When we started moving into the trend of smart home technology, various wireless technologies have been caught in the spotlight, such as Bluetooth, Wi-Fi, Zigbee and Z-Wave. Those names have become familiar to not only the designers, but also the buyers of home automation products. In the most precise way, smart homes is actually connected homes. Image the scene when you want to start the air conditioner in your house while you are on the road. Or you want to check your fridge for inventory when you’re shopping in a grocery store. There are many potential products for smart homes, such as smart mattress, smart flower planters and smart fish tank, etc. The list of smart devices that can be fitted in your smart homes keeps growing. It’s only limited by our imagination. As the market of smart home products keeps growing exponentially, marketing analyzers predict that there will be more than 280 million smart homes in the world by 2022 and a value of more than $141B by 2023. Along with the rapid growth of smart home units, the smart devices in any smart home systems are also increasing, which leads to the requirements of highly reliable, efficient, and secure wireless technologies.
Bluetooth has been reliable and convenient but was limited to its one-on-one protocol until 2017 when Bluetooth Mesh was launched. Wi-Fi is the most widely used protocol by smart devices, such as smartphones, laptops, and tablets. But Wi-Fi is well known for its vulnerability to interference, especially when the number of connected devices increases. Zigbee and Z-Wave are both mesh-networking dependent protocols that provide reliable connection via hopping from node-to-node on a mesh network. The Z-Wave technology has been long used since before the term was created. Z-Wave is a proprietary SoC (System on a Chip) protocol. Compared to the Zigbee wireless technology, Z-Wave uses a lower frequency range than all the other protocols. This feature is a desirable advantage for smart home systems, which require low bandwidth communications between various sensors, switches, and actuators, etc., due the requirements of long battery life. Lone battery life also means low maintenance costs.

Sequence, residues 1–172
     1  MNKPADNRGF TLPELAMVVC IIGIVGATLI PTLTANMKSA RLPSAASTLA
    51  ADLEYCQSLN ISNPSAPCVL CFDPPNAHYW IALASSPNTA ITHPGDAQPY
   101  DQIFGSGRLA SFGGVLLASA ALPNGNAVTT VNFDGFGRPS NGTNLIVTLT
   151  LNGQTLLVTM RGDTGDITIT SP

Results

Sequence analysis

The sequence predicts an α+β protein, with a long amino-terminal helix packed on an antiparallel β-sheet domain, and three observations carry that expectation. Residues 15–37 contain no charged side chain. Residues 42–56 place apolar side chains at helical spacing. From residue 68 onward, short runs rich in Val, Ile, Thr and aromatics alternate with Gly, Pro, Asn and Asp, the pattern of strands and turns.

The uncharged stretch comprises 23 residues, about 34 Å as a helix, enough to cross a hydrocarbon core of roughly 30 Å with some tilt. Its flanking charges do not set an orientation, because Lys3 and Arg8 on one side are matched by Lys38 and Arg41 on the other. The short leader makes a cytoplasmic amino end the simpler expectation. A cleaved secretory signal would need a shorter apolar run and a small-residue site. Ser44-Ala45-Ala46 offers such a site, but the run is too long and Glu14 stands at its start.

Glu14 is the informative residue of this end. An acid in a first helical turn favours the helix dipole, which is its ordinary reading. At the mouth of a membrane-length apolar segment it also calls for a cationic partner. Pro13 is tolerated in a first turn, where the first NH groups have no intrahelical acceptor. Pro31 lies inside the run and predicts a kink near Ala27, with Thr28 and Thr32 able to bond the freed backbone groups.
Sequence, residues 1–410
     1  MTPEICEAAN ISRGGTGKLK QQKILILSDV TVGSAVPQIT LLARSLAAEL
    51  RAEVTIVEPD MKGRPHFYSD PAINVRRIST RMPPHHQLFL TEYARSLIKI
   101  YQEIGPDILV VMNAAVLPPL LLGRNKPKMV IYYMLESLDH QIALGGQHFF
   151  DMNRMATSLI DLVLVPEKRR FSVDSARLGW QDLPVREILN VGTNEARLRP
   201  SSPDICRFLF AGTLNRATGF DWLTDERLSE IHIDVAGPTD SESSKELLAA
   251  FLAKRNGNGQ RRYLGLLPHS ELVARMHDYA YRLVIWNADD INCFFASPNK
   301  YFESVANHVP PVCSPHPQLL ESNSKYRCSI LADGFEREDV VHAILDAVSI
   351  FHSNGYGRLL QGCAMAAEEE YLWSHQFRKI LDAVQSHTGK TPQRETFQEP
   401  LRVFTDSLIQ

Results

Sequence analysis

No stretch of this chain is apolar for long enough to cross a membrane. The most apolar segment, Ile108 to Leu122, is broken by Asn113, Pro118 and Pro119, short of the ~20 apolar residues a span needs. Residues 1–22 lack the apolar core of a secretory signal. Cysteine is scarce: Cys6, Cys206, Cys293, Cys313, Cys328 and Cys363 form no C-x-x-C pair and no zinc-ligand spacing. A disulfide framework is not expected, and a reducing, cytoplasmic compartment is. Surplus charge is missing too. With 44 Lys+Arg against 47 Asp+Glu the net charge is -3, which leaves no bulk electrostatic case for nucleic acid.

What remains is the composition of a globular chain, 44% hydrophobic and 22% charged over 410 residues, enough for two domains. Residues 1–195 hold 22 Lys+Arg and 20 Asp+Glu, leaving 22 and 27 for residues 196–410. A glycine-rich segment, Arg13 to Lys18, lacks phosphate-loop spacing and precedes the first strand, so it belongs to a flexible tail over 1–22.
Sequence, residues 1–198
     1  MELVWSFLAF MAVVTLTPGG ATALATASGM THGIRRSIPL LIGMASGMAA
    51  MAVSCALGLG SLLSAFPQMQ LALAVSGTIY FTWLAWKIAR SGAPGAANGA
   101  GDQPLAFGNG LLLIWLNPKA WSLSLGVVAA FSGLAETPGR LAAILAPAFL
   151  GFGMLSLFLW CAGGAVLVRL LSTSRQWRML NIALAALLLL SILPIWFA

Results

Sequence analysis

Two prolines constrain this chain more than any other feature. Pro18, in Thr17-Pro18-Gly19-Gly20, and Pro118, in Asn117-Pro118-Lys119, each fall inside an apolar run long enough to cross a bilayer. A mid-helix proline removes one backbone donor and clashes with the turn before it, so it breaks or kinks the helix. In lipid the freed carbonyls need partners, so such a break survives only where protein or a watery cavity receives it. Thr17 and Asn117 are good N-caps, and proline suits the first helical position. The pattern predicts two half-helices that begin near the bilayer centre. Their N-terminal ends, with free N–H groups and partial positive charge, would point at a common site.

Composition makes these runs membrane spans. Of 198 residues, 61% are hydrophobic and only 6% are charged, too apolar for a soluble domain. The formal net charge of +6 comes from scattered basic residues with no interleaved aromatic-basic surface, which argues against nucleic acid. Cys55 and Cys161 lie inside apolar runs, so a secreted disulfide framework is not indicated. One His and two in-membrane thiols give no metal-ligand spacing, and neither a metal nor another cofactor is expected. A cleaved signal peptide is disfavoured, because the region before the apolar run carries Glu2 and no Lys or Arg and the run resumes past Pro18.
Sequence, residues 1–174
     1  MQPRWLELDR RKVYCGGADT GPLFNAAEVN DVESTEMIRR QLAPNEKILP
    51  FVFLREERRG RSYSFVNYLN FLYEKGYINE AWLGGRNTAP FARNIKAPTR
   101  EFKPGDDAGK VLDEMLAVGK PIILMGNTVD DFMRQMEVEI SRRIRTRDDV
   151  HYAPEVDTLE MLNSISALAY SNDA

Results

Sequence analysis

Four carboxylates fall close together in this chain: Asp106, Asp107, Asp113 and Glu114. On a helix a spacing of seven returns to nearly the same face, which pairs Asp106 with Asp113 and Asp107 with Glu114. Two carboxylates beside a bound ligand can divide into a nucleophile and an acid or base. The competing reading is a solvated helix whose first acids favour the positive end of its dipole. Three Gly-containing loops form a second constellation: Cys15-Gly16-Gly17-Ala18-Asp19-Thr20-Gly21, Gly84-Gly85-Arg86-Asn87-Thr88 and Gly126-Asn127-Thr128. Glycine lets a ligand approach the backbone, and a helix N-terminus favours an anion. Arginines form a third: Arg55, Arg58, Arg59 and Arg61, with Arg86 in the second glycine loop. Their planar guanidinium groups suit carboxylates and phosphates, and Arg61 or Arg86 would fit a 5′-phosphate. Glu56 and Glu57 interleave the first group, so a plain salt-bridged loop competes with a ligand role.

With Z-Wave wireless communication, the smart home systems allow devices in the mesh to relay messages to any other devices by hopping between nodes. The Z-Wave technology has a very strict certification process that provides the benefit of much less roadblocks than other solutions. In April 2018, Silicon Labs acquired the Z-Wave protocol established for smart homes from Sigma Designs, including a team of about 100 employees. Today, the Z-Wave technology has gained the reputation of leading mesh networking technology for smart home with traction in more than 2400 certified interoperable Z-Wave devices from more than 700 manufacturers and service providers worldwide. As one of the leaders in IoT (Internet of Things) technology providers in silicon, software and network solutions, Silicon Labs has picked up the momentum in continuous support of the Z-Wave technology for smart homes.